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Definition: The word tolfraedic refers to a measure of 120 as denoted in a duodecimal system.

Pronunciation: Toll-fray-dic


Tolfraedic is comprised of two Icelandic words- tólf (twelve) and ráða (to speak).  It was analogous to the baker’s dozen, referring to a hundred that was composed of 120 items instead of 100.  It was a result of the duodecimal system being used simultaneously alongside the decimal system (a system based in the number twelve alongside a system based in ten).  It was distinguished from a regular hundred (100) by being referred to as a tolfraedic hundred, or sometimes as a long hundred or small gross.  The addition of the word tolfraed meant not ten times ten but ten times twelve, or one hundred and twenty.

From the word tolfred we obtain the English word twelve.  Also, from the tradition of counting by twelve we have the French word douzain, the Swedish word dusin, and the English word dozen.

Why this word?

While base ten may currently be the most widely used base system, that was clearly not always the case.  I find it fascinating that another number system once had more sway over day to day numerical operations.  The effect that such a discrepancy may have had on, for instance, commerce is intriguing.  It was reputedly common for nails to be sold in a tolfraedic hundred as a standard unit, but pins or other similar items were not.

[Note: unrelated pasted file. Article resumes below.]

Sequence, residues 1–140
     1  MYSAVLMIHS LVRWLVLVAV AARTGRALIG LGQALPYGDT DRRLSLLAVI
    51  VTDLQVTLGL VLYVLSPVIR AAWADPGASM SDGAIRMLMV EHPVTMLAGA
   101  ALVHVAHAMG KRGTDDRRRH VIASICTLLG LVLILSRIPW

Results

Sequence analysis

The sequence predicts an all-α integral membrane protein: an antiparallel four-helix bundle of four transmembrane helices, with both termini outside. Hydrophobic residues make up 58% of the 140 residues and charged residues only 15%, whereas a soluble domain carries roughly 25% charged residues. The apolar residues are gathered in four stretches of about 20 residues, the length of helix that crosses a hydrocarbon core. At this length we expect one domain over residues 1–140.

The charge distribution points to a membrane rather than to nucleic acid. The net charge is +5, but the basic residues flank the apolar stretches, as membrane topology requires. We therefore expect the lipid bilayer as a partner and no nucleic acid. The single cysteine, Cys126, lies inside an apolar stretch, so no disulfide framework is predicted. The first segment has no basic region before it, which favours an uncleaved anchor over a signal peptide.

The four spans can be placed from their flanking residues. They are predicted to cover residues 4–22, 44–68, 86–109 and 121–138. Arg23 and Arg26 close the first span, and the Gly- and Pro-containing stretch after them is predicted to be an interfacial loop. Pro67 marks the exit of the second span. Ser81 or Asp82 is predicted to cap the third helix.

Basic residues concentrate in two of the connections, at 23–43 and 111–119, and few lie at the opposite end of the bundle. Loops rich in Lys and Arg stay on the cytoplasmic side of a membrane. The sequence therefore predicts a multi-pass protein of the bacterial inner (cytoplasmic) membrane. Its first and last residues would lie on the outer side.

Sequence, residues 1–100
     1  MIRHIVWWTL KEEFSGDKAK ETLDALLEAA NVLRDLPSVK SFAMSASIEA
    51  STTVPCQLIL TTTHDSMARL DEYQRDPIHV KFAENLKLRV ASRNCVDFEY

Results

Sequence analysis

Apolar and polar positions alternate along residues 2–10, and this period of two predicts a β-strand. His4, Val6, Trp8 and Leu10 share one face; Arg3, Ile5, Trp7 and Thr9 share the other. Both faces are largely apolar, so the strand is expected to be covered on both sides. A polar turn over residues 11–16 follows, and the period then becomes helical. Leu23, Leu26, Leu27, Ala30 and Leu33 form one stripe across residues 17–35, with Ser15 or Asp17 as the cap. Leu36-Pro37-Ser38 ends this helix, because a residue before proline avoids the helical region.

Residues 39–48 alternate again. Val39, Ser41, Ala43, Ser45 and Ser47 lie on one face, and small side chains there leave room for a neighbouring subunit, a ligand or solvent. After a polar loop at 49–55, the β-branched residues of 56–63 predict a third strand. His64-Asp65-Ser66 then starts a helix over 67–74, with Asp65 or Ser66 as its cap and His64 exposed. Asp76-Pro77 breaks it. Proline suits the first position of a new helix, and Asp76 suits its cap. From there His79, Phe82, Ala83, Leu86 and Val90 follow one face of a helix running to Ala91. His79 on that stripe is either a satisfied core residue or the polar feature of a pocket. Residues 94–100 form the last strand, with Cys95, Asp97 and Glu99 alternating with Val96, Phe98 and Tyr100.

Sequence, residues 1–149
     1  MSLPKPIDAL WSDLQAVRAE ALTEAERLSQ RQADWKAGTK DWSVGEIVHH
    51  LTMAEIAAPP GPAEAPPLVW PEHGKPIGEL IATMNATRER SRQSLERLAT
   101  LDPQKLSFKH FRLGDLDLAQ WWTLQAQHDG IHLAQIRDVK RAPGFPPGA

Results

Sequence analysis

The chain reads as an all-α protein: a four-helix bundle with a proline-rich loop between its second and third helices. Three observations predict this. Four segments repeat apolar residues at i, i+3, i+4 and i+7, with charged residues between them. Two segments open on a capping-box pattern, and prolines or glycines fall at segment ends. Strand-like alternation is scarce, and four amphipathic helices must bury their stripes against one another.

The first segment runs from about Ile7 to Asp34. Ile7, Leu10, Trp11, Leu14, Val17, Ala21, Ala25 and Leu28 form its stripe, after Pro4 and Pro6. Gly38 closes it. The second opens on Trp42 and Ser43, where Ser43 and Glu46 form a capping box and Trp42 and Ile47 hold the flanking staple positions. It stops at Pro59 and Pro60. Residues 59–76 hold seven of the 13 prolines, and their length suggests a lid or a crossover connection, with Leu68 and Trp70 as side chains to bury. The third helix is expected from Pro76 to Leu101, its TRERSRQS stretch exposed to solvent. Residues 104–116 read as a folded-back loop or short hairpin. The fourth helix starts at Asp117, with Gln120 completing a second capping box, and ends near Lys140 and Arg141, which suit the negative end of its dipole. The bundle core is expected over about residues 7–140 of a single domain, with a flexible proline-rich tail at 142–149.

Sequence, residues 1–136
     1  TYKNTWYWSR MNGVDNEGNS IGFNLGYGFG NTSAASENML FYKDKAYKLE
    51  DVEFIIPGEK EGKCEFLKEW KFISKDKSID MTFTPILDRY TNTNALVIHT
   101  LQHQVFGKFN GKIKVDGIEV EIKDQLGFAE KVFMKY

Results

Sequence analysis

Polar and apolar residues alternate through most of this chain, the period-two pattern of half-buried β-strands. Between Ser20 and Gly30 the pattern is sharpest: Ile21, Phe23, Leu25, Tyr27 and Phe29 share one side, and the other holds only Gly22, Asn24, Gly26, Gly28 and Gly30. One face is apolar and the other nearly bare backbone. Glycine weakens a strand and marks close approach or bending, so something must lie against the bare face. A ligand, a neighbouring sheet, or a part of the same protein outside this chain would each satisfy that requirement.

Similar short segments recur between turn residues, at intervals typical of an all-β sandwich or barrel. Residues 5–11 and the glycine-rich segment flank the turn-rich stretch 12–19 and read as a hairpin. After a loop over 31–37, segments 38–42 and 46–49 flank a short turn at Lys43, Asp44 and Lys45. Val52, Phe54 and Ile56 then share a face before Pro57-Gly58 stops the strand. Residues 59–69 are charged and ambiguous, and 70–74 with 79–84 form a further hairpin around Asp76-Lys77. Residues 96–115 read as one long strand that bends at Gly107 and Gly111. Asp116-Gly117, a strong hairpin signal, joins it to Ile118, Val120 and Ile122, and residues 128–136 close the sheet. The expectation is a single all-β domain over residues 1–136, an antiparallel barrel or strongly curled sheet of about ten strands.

Effects were seen in other areas as well.  For instance, the medieval Anglo-Saxon Chronicle reported that the length of the year was 305 days, while we believe it to be 365.  The reference to 300 referred to 3 tolfraedic hundreds, plus the remaining five.  Therefore 3 multiplied by 120 would give us 360, plus 5, for the length of the year we currently recognize yet denoted by a different methodology.

I also find the remnants in our language of such operations to be interesting- for instance, the derivation of the words dozen, twelve, and gross.

How to use the word tolfraedic?

“The Army was operating under the tolfraedic system, but the Navy was operating under a base ten system.  The resulting miscommunication led to fewer ships arriving than they had been expecting.”


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Written by Kate Fulton

Kate Fulton has a bachelor’s degree in classics and psychology from the University of Massachusetts and is working on a library science degree from Simmons College. She has always been fascinated by words- their usage, spelling, and etymology. Kate may be one of the few people who enjoyed the verbal section of the SAT. Yes, she is a word geek. Currently she bores her husband and young daughter with her love of vocabulary.


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